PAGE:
The Federal Government has today announced changes to superannuation which have been speculated over the last few weeks.
A tax exemption on superannuation earnings supporting pensions and annuities will be capped at $100,000, and anything above that level taxed at a rate of 15 per cent, the federal government has announced. Note that these are not yet legislated so may change once finalised.
Announcing long-awaited changes to superannuation in Canberra on Friday, Treasurer Wayne Swan the measures would only impact on those with super assets of more than $2 million, or about 16,000 individuals.
The government has been under pressure to detail any changes to superannuation planned for the May budget, with ongoing speculation that it would increase taxes for high earners. Under existing arrangements, all earnings on assets supporting income streams (superannuation pensions and annuities) are tax-free, in contrast to earnings in the accumulation phase of superannuation, which are taxed at 15 per cent.
The $100,000 threshold will be indexed to the Consumer Price Index (CPI), and will increase in $10,000 increments. Assuming a conservative estimated rate of return of five per cent, earnings of $100,000 would be derived from individuals with around $2 million in superannuation.
These changes will not affect the tax treatment of withdrawals. Withdrawals will continue to remain tax-free for those aged 60 and over, and face the existing tax rates for those aged under 60.
Contribution Limit Proposals
The Government has decided to scrap the $50,000 concessional cap linked to super balances under $500,000. This will be replaced with an unindexed $35,000 concessional cap. From 1 July 2013, this will apply to all individuals aged 60 and over. From 1 July 2014 this will apply to individuals aged 50 and over.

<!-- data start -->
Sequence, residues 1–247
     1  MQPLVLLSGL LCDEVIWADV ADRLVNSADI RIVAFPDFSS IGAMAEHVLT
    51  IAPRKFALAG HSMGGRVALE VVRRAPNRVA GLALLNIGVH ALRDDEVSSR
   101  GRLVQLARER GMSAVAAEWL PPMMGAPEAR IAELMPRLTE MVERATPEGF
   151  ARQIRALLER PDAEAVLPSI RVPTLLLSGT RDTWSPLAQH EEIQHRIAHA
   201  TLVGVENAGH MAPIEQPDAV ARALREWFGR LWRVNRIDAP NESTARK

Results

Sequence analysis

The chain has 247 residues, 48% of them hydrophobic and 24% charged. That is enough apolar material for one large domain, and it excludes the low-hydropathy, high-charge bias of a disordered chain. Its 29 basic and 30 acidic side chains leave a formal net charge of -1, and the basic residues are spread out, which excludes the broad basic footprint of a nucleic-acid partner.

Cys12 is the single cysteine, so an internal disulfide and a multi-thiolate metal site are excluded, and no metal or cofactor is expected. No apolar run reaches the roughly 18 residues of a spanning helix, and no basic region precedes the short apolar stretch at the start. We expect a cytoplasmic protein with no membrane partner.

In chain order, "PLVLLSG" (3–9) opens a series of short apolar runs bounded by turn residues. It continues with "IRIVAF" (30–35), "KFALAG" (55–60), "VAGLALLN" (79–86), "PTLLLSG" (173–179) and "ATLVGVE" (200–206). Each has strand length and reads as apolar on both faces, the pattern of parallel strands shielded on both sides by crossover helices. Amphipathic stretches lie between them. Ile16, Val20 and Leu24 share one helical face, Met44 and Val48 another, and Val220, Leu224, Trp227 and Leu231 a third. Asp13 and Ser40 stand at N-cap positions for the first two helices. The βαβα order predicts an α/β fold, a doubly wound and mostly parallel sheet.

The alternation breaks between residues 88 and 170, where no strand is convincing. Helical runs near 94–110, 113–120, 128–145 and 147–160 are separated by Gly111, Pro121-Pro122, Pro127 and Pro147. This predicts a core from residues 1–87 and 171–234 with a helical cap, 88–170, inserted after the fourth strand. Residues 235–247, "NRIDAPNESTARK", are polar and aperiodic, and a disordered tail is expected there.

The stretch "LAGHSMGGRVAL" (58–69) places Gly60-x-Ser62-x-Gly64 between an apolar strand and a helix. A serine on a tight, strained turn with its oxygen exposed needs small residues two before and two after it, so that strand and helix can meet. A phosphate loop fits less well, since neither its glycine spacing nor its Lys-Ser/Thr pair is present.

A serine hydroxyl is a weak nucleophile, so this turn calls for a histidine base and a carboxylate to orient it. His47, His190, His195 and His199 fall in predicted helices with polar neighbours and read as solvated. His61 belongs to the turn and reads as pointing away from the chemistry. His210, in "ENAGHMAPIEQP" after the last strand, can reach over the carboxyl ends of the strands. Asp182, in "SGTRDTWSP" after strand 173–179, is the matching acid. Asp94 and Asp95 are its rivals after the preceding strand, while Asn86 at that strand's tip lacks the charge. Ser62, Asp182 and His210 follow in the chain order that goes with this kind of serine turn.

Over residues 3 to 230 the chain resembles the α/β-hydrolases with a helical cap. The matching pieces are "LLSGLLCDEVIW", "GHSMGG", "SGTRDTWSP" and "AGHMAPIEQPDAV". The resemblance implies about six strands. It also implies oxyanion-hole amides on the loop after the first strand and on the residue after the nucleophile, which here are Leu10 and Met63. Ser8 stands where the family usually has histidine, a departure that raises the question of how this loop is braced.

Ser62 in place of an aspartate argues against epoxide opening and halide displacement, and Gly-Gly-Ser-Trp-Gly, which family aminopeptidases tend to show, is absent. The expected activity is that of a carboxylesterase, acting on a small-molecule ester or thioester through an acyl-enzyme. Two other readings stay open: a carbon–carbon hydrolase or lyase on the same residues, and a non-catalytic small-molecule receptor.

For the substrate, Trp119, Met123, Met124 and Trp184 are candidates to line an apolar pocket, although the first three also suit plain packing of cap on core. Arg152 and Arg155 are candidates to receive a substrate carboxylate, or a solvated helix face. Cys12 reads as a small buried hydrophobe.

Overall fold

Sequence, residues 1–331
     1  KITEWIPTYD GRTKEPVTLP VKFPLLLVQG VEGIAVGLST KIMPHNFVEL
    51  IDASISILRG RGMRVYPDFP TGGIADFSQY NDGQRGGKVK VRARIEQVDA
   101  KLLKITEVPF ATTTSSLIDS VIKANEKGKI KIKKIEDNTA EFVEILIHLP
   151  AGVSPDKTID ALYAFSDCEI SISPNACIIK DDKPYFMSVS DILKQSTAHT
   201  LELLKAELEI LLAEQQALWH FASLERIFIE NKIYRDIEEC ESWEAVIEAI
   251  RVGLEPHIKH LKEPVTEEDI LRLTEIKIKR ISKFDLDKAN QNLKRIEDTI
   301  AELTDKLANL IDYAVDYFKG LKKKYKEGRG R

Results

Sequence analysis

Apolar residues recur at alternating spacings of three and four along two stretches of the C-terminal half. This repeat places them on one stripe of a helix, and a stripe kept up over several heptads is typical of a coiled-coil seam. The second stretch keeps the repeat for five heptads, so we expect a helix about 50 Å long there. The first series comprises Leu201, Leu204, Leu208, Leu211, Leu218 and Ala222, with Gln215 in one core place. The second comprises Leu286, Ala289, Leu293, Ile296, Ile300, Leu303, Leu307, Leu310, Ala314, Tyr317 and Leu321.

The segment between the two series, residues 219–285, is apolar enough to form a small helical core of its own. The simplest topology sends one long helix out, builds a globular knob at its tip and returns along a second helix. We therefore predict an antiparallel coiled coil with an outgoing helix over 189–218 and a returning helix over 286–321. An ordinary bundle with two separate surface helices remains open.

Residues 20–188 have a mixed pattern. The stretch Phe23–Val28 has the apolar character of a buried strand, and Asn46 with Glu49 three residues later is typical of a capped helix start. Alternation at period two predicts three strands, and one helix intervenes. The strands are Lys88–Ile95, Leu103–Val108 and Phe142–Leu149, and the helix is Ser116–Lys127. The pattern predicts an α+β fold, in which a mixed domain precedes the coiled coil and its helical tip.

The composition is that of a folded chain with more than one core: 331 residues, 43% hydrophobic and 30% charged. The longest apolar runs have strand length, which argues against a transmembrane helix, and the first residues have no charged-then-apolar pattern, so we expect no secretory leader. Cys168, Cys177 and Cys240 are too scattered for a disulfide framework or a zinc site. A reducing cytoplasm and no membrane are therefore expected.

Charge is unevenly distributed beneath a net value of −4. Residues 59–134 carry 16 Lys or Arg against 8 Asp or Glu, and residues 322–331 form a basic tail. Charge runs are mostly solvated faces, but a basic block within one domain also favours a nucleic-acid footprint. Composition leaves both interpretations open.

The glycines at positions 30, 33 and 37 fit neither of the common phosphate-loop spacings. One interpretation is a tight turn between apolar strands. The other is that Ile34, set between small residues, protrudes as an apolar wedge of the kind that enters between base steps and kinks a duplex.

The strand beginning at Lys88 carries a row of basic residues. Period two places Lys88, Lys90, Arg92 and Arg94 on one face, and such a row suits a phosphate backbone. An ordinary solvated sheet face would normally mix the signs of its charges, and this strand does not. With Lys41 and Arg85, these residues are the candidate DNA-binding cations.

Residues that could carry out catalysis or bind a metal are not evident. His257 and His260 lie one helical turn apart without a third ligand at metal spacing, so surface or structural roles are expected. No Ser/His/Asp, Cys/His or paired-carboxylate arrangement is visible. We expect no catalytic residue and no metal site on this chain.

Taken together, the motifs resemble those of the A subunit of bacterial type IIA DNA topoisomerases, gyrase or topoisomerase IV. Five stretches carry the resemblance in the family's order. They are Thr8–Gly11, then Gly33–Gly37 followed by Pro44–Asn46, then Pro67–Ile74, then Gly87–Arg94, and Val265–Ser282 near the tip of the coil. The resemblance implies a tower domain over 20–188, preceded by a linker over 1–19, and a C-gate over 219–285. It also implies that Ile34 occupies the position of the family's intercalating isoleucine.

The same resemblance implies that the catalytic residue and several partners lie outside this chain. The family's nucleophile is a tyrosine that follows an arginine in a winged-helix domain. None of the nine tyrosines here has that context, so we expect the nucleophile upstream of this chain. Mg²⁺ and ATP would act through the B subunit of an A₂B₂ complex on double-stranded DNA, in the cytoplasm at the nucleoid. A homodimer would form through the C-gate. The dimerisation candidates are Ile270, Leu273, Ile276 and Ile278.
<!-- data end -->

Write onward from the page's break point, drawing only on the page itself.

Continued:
Excess Contributions Tax
Reforms to the operation of excess contributions tax with excess concessional contributions to be included in an individual’s taxable income and will be taxed at the individual’s marginal tax rate regardless of their income or the cause of the breach. The individual will be able to choose to pay the tax bill from their own sources, or use their superannuation monies to pay for this change in tax, or fully release the after-tax excess concessional contribution from superannuation.
An extension to the transfer of small lost accounts to the ATO as unclaimed monies. The threshold will be increased from $2,000 to $2,500 from 31 December 2015, and then from $2,500 to $3,000 from 31 December 2016.
Revised tax treatment of deferred annuity pensions. From 1 July 2014, deferred lifetime annuities will be given status as superannuation pensions and will receive the concessional tax treatment applying to investment earnings on assets supporting pensions.
The Government also made an announcement regarding the establishment of a Council of Superannuation Custodians to ensure that any future changes are consistent with an agreed Charter of Superannuation Adequacy and Sustainability.
If you would like to discuss the impact on your situation in more detail please contact our office.
Scott Malcolm (email@example.com) is Director of Money Mechanics (ph: 6257 5557) a fee for service advice firm who are authorised to provide financial advice through PATRON Financial Advice AFSL 307379.
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